ARCANUM - Elizabeth Pitzer, a math teacher at Arcanum Middle School, has received the Presidential Award for Excellence in Math and Science Teaching (PAEMST).
She was one of two K-6 teachers in Ohio who were honored at the event in Washington, D.C., on March 5. The other teacher was Natalie Harr, a science teacher.
PAEMST, according to a news release, recognizes two teachers from each state who excel in teaching math and science at the primary and secondary level. During the annual recognition event, awardees took part in professional development activities, networked with fellow STEM educators from across the nation and most notably met with President Barack Obama.
“Some people refuse to watch the news because it is all bad,” it was indicated in the news release. “Perhaps our society buys into the negative news and scandals. There has been a lot of negative press regarding education in recent years, which is not flattering to all the wonderful educators out there who put their heart and soul into the profession. The news does not reflect the true picture of our nation’s educators. The Presidential Award celebrates the good that is happening in our classrooms across the country today.”
Pitzer has been an educator for nearly 30 years and has spent the past 25 years in the Arcanum-Butler Local School District. She is currently teaching mathematics at the fifth-grade level at the middle school. Previously, she taught second grade at Randolph Eastern in Union City, Ind.
According to Pitzer, the award is actually for 2012.
“They are very far behind,” she said. “We were supposed to find out in the summertime but didn’t learn about it until before Christmas. I wasn’t at work when it was announced as I was off for surgery.”
She said 102 educators received the award, but four didn’t make it to D.C. because of inclement weather.
Pitzer said the weather in Darke County was bad the day before she left, and when she got to Washington, D.C., it was bad there, too.
“They shut down all of the transportation…the buses, and taxis,” she said. “We walked two blocks in the snow and got on the Metro, and then walked another 3/4 mile to go to the White House. We stood outside an hour in 6-degree weather and went through four checkpoints. It was quite an adventure.
But, it was worth it, she said.
“It was very exciting,” Pitzer recalled. “They had us line up on risers and the President spoke to us a little while and wanted to shake everybody’s hand. I am short and was on the front row and was the first to get my hand shaken. He said, ‘Thank you for all you do,” and I thanked him for all that he does.”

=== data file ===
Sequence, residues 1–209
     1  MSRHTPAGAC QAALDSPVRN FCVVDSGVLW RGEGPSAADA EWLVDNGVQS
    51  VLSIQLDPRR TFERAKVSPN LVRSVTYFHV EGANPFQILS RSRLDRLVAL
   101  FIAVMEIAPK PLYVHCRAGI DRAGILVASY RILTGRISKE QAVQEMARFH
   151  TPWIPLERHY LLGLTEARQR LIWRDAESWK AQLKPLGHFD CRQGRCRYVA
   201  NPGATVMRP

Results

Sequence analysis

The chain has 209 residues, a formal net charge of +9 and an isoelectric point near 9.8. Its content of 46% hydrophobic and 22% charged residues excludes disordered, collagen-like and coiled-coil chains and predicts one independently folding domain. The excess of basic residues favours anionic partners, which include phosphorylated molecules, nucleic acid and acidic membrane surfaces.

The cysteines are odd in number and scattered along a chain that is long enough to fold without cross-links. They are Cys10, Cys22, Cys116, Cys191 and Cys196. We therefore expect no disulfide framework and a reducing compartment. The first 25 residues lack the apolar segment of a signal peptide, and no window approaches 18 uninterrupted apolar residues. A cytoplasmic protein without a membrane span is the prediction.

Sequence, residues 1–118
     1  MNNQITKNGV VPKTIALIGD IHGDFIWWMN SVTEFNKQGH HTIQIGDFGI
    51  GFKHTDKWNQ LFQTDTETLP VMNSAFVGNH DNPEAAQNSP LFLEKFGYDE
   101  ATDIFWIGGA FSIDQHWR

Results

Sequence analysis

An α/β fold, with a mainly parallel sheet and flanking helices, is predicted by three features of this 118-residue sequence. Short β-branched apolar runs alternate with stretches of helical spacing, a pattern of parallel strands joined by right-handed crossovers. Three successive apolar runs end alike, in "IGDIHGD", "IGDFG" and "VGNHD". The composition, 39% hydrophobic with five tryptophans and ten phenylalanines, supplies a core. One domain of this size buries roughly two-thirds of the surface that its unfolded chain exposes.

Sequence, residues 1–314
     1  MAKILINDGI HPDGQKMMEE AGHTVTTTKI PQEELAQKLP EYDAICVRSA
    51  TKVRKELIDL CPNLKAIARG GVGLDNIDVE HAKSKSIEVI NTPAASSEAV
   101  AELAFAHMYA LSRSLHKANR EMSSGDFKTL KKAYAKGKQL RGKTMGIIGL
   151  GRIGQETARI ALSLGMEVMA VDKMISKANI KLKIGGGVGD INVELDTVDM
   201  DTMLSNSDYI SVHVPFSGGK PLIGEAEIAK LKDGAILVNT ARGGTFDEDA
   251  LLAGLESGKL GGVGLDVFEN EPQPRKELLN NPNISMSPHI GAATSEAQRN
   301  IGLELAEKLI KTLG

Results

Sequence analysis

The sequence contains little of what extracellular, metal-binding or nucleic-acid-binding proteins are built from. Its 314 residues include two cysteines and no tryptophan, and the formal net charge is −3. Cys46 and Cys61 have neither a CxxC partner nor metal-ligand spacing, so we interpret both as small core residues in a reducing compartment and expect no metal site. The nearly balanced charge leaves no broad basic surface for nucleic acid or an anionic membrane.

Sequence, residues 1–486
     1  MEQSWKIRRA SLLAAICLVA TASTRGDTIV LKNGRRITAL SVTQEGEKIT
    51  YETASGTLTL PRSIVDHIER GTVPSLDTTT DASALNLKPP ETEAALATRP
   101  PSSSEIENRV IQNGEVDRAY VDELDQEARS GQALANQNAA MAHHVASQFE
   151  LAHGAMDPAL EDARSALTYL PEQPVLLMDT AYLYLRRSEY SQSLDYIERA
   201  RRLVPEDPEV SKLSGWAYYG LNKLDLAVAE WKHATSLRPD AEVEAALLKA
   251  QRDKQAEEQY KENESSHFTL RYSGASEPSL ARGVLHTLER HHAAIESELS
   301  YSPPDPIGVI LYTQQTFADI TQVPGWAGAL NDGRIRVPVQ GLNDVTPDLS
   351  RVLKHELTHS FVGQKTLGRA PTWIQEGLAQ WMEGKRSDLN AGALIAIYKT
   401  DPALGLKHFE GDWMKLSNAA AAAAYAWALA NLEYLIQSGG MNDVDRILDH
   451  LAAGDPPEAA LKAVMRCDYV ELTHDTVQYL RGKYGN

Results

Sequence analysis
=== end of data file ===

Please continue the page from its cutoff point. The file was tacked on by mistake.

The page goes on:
Pitzer is a leader in the classroom and the district. She serves on the district leadership team and is the district’s Value-Added Specialist. She has a passion for learning best practices and analyzing the district’s mathematics data and she shares this information with others. Pitzer has hosted student teachers and mentored teachers within the district. She served as a fellow with the Dayton Regional STEM Center.
Pitzer, the former Elizabeth Marshall, was part of a grant-writing collaborative with Wright State University supporting National Board candidates in the region. She was a 1998 Milken Educator, and currently serves on the mathematics team for the Ohio Network Regional Leaders through the Ohio Department of Education.
Pitzer, a 1981 graduate of Mississinawa Valley High School and a 1984 and 1988 graduate of Ball State University, said she has also won the Time Warner Cable Crystal Apple Award three times and the Ashland Oil Achievement Award in 1987. She was also Teacher of the Year at Arcanum one year.
She has a bachelor of science and a master of arts, both in elementary education, and became a National Board-Certified Middle Childhood Generalist, one of the first in the state and the nation, in 1996.
There were 5,000-plus nominations across the country for the Presidential Award, she said. That also included the District of Columbia, Puerto Rico and Department of Defense schools.
“In the process to go to state, they pick out four or five, whose names are sent on to nationals,” Pitzer said. “Two hundred fifty went to nationals.”
She said she was nominated by a previous awardee, who saw her at a baseball game and questioned her about her teaching.
“I was a state honoree in the late 1900s and never did it again,” Pitzer said.
Why does Pitzer think she won the award?
“My state testing scores are very high for value-added,” she replied. “I can’t say all students pass, but the growth measure is high. I’ve done a lot with other teachers in development situations and I write curriculums for teachers.”
Pitzer has been married to Jim Pitzer for 14 years. He is a case manager for Dayton Eastway Behavioral Health. She has two grown sons, Trey Perkins, a pharmacist in Richmond, Ind., and Kyle Perkins, a project manager for Reynolds and Reynolds and living in Dayton, as well as a 10-year-old son, Chad Pitzer, who will be in her math class next year. She also has two stepchildren.
“My mother, Dixie Marshall, was a teacher, at Mississinawa Valley,” Pitzer said.
PAEMST is currently accepting K-6 applications through May 1 for those who feel they know a teacher who should be recognized for their dedication to STEM education. For more information on PAEMST, call Nickie Forrester at (855) 723-6780 (PAEMST-0) or email the PAEMST team at firstname.lastname@example.org